Arrogant motorists cause problems
IT WAS probably inevitable that there would be teething troubles for the new traffic system introduced around Ipswich town centre.But Monday saw traffic chaos hit the town on a grand scale – although the storms of the previous 24 hours didn't help and a dodgy traffic light added to the problems.
IT WAS probably inevitable that there would be teething troubles for the new traffic system introduced around Ipswich town centre.
But Monday saw traffic chaos hit the town on a grand scale – although the storms of the previous 24 hours didn't help and a dodgy traffic light added to the problems.
It's easy to blame the authorities for introducing the changes, and no doubt many people will be saying: "why change things – it was better before."
On that basis why change anything? Why not drive straight down Lloyds Avenue and under the arch? Why not drive along Tavern Street and Westgate Street and make all these miserable pedestrians jump out of the way?
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The new system is more logical for the town centre – and was supported by the majority of people who responded to a survey extensively publicised in many ways, including an Evening Star supplement, three years ago.
Many of the problems on Monday were caused by pig-headed motorists who had failed to understand the changes.
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These people had failed to read the leaflets shoved through their doors over the last few weeks.
They had failed to read the news stories and advertisements in local newspapers.
They had failed to take any notice of the signs put up around the town.
Maybe they're the same arrogant – or ignorant – motorists who have failed to obey the "cars prohibited" signs in Dogs Head Street, Upper Brook Street and Museum Street for the last two years.
Frankly if all motorists were law-abiding and had always obeyed the instructions around the town, these changes should hardly have affected them at all.
They shouldn't have been affected by the new one-way system because they shouldn't have been using those roads, they're closed to general traffic.
A round sign with a car and a motorbike means "motor traffic prohibited" not "low-flying motorcycles!"
I'm sure they'll be whinging from people who want to take their cars everywhere – and want a six-lane highway built straight through the Ancient House – but everyone has to learn sometime that the solution to traffic problems isn't just building more and more roads.
WHEN Britain's electricity industry was privatised in the late 1980s, it looked like the logical extension to the government's sell-off programme.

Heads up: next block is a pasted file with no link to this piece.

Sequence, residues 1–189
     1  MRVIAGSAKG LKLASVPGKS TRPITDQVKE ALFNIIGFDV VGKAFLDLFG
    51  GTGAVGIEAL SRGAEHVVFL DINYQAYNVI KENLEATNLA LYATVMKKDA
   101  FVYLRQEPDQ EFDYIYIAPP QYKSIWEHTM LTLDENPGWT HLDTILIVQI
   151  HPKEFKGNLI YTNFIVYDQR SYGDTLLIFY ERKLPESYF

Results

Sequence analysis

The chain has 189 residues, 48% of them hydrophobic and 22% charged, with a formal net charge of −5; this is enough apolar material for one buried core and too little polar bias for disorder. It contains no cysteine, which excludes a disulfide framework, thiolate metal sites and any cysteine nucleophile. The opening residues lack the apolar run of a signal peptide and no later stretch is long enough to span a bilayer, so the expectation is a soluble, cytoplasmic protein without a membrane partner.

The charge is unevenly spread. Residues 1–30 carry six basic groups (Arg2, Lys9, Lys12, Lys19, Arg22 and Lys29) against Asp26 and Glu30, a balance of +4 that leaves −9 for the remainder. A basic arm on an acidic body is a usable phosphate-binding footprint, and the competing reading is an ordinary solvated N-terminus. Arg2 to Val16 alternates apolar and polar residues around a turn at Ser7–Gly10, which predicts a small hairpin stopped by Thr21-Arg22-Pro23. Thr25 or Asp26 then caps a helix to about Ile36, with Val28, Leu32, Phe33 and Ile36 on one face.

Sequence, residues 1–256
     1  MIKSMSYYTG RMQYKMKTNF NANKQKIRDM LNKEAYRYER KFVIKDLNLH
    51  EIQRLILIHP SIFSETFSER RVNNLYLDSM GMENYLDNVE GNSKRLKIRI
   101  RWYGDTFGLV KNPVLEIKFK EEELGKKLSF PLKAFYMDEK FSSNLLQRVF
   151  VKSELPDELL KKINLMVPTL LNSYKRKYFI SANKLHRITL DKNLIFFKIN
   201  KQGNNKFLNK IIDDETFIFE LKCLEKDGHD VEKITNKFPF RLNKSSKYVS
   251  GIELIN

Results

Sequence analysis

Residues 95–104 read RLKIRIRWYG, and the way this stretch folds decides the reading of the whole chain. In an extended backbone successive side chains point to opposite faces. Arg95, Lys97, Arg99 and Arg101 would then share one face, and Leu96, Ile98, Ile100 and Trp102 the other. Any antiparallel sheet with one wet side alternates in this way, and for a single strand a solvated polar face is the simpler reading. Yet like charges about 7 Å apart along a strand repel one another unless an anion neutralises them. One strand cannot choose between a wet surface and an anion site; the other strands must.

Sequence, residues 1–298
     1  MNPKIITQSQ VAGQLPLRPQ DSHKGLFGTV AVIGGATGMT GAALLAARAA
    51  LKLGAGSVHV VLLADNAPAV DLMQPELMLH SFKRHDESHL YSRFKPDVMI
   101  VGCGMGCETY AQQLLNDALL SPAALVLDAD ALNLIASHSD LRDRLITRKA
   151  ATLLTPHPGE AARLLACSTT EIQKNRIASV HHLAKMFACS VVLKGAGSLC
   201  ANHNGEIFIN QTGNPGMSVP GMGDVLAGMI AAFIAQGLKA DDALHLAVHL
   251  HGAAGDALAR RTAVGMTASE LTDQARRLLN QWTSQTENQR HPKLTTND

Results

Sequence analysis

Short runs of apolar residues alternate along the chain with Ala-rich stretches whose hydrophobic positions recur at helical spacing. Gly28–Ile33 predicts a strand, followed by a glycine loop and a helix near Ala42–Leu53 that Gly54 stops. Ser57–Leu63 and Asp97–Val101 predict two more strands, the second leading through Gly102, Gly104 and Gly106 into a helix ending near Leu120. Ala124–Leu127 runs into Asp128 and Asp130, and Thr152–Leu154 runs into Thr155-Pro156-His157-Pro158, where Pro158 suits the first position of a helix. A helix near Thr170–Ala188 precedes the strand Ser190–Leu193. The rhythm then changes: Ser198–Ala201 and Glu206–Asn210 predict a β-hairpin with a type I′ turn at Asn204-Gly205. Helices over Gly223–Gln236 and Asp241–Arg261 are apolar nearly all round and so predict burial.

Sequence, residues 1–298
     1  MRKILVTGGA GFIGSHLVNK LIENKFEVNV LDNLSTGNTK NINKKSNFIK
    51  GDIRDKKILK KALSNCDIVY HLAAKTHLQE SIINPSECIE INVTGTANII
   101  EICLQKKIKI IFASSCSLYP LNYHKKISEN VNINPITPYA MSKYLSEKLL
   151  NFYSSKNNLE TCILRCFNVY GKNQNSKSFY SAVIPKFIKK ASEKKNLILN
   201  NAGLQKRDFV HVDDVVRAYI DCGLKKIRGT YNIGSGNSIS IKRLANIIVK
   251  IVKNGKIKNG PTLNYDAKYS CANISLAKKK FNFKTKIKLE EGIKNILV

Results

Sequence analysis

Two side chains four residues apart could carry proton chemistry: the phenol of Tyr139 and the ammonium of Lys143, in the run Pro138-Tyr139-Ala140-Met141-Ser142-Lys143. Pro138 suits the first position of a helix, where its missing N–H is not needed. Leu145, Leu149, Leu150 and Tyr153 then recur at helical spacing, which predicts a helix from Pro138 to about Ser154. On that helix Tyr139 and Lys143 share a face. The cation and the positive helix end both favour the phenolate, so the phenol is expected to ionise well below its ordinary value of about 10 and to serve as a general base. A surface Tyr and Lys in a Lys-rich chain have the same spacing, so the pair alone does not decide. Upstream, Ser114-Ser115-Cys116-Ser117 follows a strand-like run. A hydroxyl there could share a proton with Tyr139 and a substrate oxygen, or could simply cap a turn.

The companies were sold off as they existed at that time, and for a few years everything seemed all right.
But now look at our electricity industry. It looks like a complete Whitehall farce!
Most of us get power from a company which "supplies" electricity – although how it supplies it is a total mystery.
It doesn't have anything to do with the wires that it passes through – they're owned and maintained by 24Seven.
It generates a bit of power – but how can it tell whether its power is going to my home or my neighbour who's supplied by British Gas.
And am I the only person who thinks that the world's gone mad when you can get your electricity from British Gas and your gas from an electricity company?
When the winds came earlier this week thousands of people were confused about who to call for help.
TXU, British Gas, Powergen, N-Power, Uncle Tom Cobley & all were telling their customers – the people they send electricity bills to – that when the lines came down it had nothing to do with them.
We were told to contact 24Seven, an organisation no one pays their bills to, if we wanted to report a fault – and they hadn't got enough staff to cope.
I really cannot believe that anyone had this shambolic system in mind when the electricity industry was privatised, complete with Captain Kirk adverts, all those years ago.
Then we knew that the CEGB made electricity and our local electricity company supplied it through its wires.
It doesn't worry me one way or another whether these are owned by the government or private investors.
What does annoy me is that the businessmen and women who got their hands on the industry have pulled it apart and stuck it together again in such a bizarre way that no one without a PhD in business studies can understand it!
BACK in May the East of England Development Agency told me they'd be able to tell the world about the plans for the former Cranfield's Mill on the Ipswich Waterfront "within the next 10 days."
I can only assume their days are much longer than everyone else's – they've just told me an announcement on the subject is scheduled for early December!